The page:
For awhile, they could only respond to incoming calls, said Hinkle, who serves as the chief operating officer. They didn’t have time to make sales calls to prospective clients, but now they have hired a sales person to help make sales calls, and are in the process of hiring a second.

The company has exceeded its business plan goals every month, including the decision to create a sister site for small law firms and sole practitioners to sign on to the Listening Platform and pay with a credit card. “That segment is three times the size of large law firms,” Ozolin said.

Statistics from the American Bar Association bear that out. They show 76 percent of law firms in the U.S. had five or fewer lawyers in 2000, the latest figures available. And firms with 10 or fewer represented 89 percent.

Lawyers are not limited to law firms, either, Ozolin said. Investment banks, accounting firms and other large companies have in-house lawyers.

“From a small-firm perspective,” Hinkle said, “it’s kind of an equalizer.”

The company’s growth is notable for a company that’s only a year old. Originally located on the second floor of a duplex-turned-office building on Northwest Bond Street, Manzama moved recently to larger offices on Southwest Century Drive across from Safeway. It’s grown from its founders to about a dozen employees.

Now the company also is attracting board members of note. On May 5, the company added two new board members, Nate Fineberg, former CEO of a software company that was sold to Lexis Nexis in 2004 for more than $25 million, according to Manzama’s website, and Dino Vendetti, managing director at San Francisco venture capital firm Formative Ventures. He’s also been a partner at two other venture capital firms, including Vulcan Ventures, led by Paul Allen.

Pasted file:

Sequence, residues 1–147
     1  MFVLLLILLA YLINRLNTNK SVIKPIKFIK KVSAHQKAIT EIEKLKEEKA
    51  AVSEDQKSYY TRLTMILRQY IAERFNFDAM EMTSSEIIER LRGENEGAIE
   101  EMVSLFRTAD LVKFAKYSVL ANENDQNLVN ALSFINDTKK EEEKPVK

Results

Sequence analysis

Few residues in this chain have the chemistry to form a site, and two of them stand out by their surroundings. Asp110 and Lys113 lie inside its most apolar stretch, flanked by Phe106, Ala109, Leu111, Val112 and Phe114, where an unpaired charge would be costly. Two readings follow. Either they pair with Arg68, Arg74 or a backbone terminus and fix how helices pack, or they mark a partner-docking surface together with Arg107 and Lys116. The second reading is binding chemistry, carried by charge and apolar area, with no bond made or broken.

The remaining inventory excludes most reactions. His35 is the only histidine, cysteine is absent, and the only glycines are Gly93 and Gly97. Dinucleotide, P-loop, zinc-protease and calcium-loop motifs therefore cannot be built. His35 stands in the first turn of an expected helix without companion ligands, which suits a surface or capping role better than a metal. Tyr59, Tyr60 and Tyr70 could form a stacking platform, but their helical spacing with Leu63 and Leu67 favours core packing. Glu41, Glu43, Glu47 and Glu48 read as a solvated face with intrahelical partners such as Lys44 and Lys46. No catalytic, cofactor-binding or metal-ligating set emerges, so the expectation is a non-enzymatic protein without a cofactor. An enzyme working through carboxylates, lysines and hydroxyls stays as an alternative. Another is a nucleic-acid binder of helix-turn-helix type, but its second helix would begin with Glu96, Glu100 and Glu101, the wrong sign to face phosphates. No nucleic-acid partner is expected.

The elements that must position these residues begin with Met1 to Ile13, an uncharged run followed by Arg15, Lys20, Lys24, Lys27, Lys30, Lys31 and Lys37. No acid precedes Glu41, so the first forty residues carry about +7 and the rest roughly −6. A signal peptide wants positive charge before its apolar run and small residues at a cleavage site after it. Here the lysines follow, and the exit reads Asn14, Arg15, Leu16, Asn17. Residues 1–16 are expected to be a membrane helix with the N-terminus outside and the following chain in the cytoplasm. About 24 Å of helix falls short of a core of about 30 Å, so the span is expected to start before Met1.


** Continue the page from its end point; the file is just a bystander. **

Manzama’s founders also bring their own years of experience to the company.

Ozolin spent nearly 15 years helping law firms use technology.

In 1995, he founded Legal Anywhere, a company that created extranets, essentially private secure websites, for law firms and their clients to share documents. He sold the company in 2000.

Ozolin, who has a joint law-MBA degree from Willamette University, headed up technology and knowledge management for a law firm that today has 18 offices worldwide. He also served as vice president at Thomson Reuters.

Hinkle most recently worked for Autoweb, managing advertising and sales campaigns for Toyota, Honda, Nissan and others. He also held sales and operations positions at Oracle Software Corp.

Their experience shows, said EDCO’s executive director.

“What Peter (Ozolin) and his team have done is identify a need in the marketplace,” Lee said. “I think he’s really hit a nerve in the legal community.”